The world and lore of Divinity: Original Sin 2 is full of magic, Gods, monsters, and all the usual fantasy trappings you know and love. Even if you find some of those concepts cliche, the way you can manipulate the progression based on how you build your character and how you act will make you far more invested. You can either pick from some pre-made characters or design your own from scratch, outlining their race, gender, backstory, and stats, of course. You can also bring up to three party members, either as NPCs you take direct control of in battle or play in co-op either online or locally. These party members also can change how interactions with NPCs will unfold. This game feels about as close as you can get to playing a pen and paper game with a human DM who needs to react to whatever crazy idea you come up with.
Where does one even begin trying to describe Disco Elysium? I could say its a detective game that focuses on narrative, dialogue, and stats, and that would all be true, but at the same time would only tell you a fraction of the story. As a detective game, you will be engaged in questioning and speaking to everyone, and in some cases everything, to solve one murder. As with the best mystery stories, though, that one murder ends up having ties to much larger players and events happening in the world around you, which leads to uncovering your own character’s personal history and traumas. Or it doesn’t. This game, more than almost any other ever made, allows you to push it to the extremes in terms of what you do or don’t engage with, but also how you do or don’t engage with it.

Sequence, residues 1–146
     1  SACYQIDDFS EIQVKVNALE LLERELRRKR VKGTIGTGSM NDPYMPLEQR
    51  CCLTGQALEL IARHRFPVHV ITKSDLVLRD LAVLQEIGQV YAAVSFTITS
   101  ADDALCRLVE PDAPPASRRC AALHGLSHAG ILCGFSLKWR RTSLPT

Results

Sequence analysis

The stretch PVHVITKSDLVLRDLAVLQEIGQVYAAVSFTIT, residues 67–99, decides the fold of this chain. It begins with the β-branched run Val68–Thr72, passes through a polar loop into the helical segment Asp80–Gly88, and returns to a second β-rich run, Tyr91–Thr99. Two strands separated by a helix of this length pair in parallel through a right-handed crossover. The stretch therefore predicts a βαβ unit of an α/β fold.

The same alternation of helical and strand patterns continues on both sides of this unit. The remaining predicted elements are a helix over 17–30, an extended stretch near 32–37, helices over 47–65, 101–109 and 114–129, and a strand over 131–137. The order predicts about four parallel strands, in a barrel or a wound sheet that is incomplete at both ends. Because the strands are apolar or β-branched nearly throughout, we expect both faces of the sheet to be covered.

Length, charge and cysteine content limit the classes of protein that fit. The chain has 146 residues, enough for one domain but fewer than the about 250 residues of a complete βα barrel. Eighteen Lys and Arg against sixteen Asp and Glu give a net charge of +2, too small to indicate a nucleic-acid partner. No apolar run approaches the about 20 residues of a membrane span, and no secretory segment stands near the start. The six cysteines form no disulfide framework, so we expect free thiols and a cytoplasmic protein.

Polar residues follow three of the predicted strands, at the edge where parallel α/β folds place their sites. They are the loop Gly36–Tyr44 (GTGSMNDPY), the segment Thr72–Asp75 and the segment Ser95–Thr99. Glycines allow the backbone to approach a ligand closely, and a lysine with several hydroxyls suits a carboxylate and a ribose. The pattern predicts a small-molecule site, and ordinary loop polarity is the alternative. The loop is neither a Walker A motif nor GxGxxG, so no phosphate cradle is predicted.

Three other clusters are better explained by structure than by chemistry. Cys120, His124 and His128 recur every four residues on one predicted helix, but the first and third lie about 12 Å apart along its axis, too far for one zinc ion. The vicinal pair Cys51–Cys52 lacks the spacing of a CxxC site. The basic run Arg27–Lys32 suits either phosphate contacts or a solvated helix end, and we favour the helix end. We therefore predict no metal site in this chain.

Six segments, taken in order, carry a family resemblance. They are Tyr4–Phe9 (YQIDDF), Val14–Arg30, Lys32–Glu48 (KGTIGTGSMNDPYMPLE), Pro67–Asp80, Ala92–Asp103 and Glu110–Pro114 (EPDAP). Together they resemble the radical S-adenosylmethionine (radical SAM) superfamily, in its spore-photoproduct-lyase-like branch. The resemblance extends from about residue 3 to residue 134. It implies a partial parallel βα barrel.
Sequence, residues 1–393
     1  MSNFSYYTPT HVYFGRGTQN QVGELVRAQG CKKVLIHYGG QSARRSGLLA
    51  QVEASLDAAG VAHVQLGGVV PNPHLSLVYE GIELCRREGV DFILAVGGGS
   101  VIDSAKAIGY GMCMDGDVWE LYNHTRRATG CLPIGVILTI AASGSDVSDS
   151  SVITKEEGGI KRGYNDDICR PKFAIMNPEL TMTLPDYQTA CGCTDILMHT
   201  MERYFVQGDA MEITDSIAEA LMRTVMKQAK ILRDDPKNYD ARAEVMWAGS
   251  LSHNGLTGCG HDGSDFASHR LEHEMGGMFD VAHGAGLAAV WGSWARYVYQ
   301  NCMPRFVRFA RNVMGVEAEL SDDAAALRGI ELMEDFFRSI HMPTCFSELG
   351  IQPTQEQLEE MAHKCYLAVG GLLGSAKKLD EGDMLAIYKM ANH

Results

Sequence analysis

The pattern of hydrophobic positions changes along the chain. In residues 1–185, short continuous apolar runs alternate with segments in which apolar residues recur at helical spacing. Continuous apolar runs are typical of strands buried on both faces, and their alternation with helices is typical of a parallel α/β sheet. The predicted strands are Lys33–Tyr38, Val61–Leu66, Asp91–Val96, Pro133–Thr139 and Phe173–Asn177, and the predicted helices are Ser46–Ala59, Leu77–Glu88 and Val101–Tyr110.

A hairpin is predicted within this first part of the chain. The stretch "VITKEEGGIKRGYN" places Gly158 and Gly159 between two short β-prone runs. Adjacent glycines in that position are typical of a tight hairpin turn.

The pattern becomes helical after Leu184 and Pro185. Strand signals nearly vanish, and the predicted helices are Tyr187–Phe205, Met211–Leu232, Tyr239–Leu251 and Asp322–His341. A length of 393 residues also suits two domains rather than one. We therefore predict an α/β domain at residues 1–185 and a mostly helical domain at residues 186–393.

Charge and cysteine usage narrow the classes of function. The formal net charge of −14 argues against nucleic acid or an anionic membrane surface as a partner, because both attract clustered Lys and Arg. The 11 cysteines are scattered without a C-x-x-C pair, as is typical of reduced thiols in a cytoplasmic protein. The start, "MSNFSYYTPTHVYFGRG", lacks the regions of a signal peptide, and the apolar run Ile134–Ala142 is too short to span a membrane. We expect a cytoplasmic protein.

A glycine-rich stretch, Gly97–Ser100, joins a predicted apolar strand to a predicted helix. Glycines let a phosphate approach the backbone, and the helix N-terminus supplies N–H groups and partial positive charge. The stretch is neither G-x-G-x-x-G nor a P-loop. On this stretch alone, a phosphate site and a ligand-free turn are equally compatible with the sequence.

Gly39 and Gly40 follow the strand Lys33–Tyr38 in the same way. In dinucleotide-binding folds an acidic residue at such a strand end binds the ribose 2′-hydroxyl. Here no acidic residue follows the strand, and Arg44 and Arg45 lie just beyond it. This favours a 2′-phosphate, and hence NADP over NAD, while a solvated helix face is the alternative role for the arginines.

The only thingyou could consider cliche about Disco Elysium is the fact that you begin with amnesia. Everything beyond that is so unique and refreshing that even that narrative device feels earned and appropriate rather than like a crutch. All your stats, of which there are 24, are also essentially fellow characters. The more points you have in them, the more they will speak up in different situations, as well as increase your odds of succeeding when you need them. With 24 stats, though, you can’t be good at everything. This lends to wildly different possible outcomes to just about every conversation and situation in the game, without even mentioning your political and moral alignments. Seriously, there are just so many moving parts in Disco Elysium that it should crumble under its own ambitions, yet somehow manages to be a masterclass in narrative RPGs, and one that you will immediately want to replay with a different build to see how different things can be.
Fantasy, and even sci-fi, RPGs are basically a dime a dozen these days. What’s rare is for an RPG to be set in modern times. What’s even less common than that is for and RPG to star a party of characters all in their early 40s to late 50s, but that’s exactly what Yakuza: Like a Dragon does and is all the more impressive for it. The Yakuza series prior to this game, the seventh mainline entry, were all action brawler games with light RPG elements. After an April Fool’s Day joke, the team decided they would actually follow through and turn the series into a full-on Dragon Quest-inspired turn-based RPG. This was also the introduction of the series’ new protagonist, Ichiban, so would be the perfect time to shake up the formula, but also incredibly risky since they had never done anything like it before.